jettison

[ jet-uh-suh n, -zuh n ]SEE DEFINITION OF jettison
Roget's 21st Century Thesaurus, Third Edition Copyright © 2013 by the Philip Lief Group.

EXAMPLES FROM THE WEB FOR JETTISON

They might have defeated their own purpose by making him jettison his contraband!

If it came to the worst, he thought, he could jettison his pack.

So its cheapest to jettison haythanks for that new word, Ed.

No occasion to jettison any of our cargo yet, however useless it may be.

What the country then needed was a jettison of compromises, and a resolution of doubts.

This was the business acquaintance of Prince Bukaty's, who had come to speak of jettison.

"Yes, and to jettison other people's heavy luggage first," said Morewood.

If we start in to jettison cargo, it means I'm a ruined man.

You will not come to me when all is over and ask me to jettison the jacket?

Jettison nodded his head, with a movement indicative of conviction.

WORD ORIGIN

1848, from jettison (n.) "act of throwing overboard" to lighten a ship. This noun was an 18c. Marine Insurance writers' restoration of the earlier form and original sense of the 15c. word that had become jetsam, probably because jetsam had taken on a sense of "things cast overboard" and an unambiguous word was needed for "act of throwing overboard."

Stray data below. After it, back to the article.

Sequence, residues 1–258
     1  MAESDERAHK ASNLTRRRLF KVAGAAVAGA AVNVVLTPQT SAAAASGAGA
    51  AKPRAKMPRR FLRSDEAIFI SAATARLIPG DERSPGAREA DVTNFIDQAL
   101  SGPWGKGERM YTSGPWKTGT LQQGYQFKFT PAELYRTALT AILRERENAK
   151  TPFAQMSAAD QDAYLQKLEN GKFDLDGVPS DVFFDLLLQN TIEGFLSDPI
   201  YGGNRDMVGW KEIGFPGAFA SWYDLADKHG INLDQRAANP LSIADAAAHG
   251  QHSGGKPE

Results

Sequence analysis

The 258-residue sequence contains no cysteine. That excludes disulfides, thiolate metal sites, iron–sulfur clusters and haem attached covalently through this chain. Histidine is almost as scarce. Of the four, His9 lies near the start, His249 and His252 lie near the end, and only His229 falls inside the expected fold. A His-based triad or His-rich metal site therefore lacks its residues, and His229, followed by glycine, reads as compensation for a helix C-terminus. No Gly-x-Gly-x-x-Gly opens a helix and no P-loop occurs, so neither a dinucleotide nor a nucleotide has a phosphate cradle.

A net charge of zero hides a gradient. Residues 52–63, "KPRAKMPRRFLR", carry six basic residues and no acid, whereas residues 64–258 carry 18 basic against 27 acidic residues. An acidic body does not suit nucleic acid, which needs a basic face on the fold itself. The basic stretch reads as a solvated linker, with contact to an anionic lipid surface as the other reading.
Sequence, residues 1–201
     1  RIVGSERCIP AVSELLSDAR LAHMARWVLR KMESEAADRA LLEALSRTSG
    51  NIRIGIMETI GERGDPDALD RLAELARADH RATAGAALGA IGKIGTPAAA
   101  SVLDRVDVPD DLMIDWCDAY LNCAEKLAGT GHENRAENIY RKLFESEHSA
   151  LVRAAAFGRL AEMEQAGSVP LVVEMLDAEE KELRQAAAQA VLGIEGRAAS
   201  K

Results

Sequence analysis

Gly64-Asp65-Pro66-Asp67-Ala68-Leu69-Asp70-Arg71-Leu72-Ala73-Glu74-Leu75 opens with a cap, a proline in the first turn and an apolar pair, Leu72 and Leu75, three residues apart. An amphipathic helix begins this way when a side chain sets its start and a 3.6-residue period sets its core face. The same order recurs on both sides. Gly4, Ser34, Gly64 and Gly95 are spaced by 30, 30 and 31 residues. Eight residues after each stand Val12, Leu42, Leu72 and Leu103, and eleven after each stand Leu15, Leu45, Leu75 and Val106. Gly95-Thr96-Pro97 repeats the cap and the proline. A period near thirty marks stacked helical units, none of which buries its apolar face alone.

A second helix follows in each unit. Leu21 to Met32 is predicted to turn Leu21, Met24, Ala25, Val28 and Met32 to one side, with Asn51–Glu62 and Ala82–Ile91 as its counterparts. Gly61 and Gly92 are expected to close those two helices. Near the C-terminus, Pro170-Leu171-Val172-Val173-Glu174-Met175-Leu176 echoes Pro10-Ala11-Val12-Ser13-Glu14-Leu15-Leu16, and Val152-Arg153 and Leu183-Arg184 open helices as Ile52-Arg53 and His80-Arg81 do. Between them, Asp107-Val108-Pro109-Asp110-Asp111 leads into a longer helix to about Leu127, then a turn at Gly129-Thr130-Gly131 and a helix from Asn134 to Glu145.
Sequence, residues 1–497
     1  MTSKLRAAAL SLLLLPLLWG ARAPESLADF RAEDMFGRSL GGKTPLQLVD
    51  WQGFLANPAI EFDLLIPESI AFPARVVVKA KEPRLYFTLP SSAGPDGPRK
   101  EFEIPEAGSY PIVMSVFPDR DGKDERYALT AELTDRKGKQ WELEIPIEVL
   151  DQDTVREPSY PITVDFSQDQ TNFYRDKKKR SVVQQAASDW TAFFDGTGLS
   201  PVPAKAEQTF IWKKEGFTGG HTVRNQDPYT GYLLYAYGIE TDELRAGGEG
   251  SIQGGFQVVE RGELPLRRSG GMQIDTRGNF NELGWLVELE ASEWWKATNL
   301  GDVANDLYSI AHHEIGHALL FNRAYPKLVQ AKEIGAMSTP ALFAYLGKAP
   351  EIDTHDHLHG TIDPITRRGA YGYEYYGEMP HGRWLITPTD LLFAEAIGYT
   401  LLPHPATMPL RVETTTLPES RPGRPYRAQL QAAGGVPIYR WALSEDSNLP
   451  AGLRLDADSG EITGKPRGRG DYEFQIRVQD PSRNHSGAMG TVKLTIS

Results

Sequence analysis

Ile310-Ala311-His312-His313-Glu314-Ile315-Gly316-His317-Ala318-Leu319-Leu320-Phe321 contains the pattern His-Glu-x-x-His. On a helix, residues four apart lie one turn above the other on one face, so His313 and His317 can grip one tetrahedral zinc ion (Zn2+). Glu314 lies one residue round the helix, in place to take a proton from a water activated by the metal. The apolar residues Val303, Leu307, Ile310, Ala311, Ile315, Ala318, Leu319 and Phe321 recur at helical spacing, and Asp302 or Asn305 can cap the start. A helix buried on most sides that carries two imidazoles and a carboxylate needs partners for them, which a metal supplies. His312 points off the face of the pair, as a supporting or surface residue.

Middle English jetteson (n.) "act of throwing overboard" is from Anglo-French getteson, from Old French getaison "act of throwing (goods overboard)," especially to lighten a ship in distress, from Late Latin iactionem (nominative iactatio) "act of throwing," noun of action from past participle stem of iectare "toss about" (see jet (v.)). Related: Jettisoned.

MORE RELATED WORDS FOR JETTISON

Roget's 21st Century Thesaurus, Third Edition Copyright © 2013 by the Philip Lief Group.